Some may think disco died in the early ’80s, but one DJing duo has proved these people are mistaken. With the release of their debut album “Quack,” Duck Sauce has brought disco music back into the spotlight. Comprised of two DJs, Canadian A-Trak and American Armand Van Helden, this electronic production duo has injected new life into a genre three-and-a-half decades past its prime.
“Quack” is a dance album through and through fusing the contemporary vibe of house music with the vintage sensibilities of disco and, stylistically speaking, it makes a variety of twists and turns. Starting with the grungy, tech house styles of “Chariots of the Gods,” the album also experiments with rap-centered hip-hop in “Charlie Chazz & Rappin Ralph.” With bizarre synth work and soulful doo-wop sample, tracks like “It’s You” exemplify how Duck Sauce tries a different take on the sounds of modern house music.
The best songs of the album are its three central tracks: “Radio Stereo,” “aNYway” and “NRG.” Infused with uplifting energy, these songs flow smoothly combining ’80s-style vocal samples with happy little melodies. Meanwhile, “Everyone” and “Ring Me” have a slightly more instrumental touch, utilizing piano notes to supplement their eccentric rhythms. Then comes the worldwide hit and dance floor classic “Barbra Streisand” (2010), which samples heavily from Boney M.’s “Gotta Go Home” (1979). For the final two tracks of the album, Duck Sauce reverts back to ’80s-style pop, tricky synth work and samples. “Spandex” is celebratory and fun, but it is the final number, “Time Waits For No One,” that strikes a slightly melancholy note. With the closing words “Time waits for no one” and “Don’t waste a moment,” the album solidifies its theme of partying and having fun while it lasts.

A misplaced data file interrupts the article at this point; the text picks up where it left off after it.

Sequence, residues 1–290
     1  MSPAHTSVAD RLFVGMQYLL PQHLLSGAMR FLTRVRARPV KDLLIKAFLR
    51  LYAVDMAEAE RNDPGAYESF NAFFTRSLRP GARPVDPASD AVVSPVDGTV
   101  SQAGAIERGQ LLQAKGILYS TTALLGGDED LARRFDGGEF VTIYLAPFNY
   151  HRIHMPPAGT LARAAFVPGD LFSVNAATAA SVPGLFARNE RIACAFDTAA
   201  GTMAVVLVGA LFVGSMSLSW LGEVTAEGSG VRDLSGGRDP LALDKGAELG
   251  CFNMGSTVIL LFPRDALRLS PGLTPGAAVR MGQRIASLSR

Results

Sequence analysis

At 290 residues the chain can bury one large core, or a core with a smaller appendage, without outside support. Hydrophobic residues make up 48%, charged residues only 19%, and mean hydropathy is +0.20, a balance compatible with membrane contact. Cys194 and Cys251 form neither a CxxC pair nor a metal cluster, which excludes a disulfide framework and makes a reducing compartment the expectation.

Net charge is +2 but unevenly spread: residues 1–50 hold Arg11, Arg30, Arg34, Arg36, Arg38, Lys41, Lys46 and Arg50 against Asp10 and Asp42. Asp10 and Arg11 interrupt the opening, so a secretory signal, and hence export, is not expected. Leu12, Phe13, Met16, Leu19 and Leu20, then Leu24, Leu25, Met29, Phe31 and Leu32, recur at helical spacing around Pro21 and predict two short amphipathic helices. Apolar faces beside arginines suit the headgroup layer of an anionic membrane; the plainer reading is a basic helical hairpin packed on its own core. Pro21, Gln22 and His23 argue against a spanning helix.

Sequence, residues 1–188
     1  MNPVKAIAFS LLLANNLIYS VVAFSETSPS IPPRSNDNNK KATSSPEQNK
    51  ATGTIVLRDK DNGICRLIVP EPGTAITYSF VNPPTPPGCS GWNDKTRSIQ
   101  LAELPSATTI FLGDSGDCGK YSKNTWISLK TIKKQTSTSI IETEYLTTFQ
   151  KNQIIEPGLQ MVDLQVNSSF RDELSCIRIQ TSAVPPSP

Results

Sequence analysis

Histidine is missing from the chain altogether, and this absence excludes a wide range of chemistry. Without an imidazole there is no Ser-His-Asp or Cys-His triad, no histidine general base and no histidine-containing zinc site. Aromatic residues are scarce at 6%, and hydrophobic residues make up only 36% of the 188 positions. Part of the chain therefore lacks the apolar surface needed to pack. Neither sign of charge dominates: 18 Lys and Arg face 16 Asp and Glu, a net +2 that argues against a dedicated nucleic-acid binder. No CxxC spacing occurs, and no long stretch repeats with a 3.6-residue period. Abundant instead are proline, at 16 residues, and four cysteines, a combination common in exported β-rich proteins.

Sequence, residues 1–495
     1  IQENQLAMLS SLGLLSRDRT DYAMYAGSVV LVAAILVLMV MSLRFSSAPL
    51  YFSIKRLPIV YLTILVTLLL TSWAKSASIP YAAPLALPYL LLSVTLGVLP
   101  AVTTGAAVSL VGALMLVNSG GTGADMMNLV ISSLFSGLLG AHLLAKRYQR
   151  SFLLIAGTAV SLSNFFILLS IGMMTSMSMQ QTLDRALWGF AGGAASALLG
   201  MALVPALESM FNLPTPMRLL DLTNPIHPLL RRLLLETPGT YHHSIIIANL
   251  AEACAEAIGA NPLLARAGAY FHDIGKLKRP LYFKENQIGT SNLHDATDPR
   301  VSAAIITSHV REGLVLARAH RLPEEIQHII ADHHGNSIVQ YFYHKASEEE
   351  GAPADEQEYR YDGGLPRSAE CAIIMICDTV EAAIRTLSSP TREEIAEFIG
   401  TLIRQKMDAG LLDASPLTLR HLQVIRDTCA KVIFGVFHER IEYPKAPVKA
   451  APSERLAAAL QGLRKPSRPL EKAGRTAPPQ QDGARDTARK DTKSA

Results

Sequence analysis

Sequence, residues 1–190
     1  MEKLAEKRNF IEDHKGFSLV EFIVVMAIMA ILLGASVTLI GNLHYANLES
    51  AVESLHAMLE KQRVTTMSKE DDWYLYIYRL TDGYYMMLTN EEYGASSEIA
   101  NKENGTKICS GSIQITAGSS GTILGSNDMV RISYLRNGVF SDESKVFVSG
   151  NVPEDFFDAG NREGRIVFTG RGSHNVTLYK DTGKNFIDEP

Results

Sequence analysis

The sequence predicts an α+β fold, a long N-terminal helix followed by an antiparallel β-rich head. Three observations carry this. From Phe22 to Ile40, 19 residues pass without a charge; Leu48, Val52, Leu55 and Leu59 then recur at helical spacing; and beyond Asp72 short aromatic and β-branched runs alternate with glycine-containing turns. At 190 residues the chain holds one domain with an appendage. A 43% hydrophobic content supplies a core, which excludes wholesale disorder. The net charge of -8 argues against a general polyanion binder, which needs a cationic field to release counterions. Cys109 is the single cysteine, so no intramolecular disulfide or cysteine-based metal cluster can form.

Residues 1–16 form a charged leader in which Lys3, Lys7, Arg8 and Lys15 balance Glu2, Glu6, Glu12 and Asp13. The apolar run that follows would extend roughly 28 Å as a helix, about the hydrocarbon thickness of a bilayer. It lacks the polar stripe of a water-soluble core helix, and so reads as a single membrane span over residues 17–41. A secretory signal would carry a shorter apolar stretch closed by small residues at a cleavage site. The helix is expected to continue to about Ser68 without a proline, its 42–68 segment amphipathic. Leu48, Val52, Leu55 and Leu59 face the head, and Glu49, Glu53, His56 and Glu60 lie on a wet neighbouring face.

Ultimately, the album is a bit of a one trick pony. “Quack” sacrifices substance for fun; fortunately for them, this doesn’t detract greatly from the listening experience. The album is goofy, groovy and entertaining. But certainly, the album’s greatest flaw is its one-dimensionality, and, because of this, “Quack” feels a bit stretched. After 30 minutes, the disco/house formula starts to sounds a bit stale: looped samples and quirky vocals can only sustain a listener’s interest for so long.
However, it’s best not to judge this album just on its musical ingenuity. Duck Sauce’s debut album is 54 minutes of energetic, funky music. It’s a killer dance floor record. And, in a way, this is what makes it so special. Today, DJing is too often about image over substance. It seems like there are very few people left in the electronic music industry these days who value the interplay between DJing and music production. But A-Trak and Van Helden are dance music pioneers dedicated to the DJing art form, and together this duo has decided to take the genre back to its roots.
Indeed, “Quack” is an old school record. By trawling through record libraries and unearthing fresh samples, Duck Sauce has pieced together a groovy record that could replicate the freshness of a ’70s dance floor, fusing it with the modern touch of modern house. It feels like much of dance and DJ culture has become a commercial, event-driven loop, so when artists stay true to what they do and focus on having fun rather than promoting themselves, the results are truly laudable.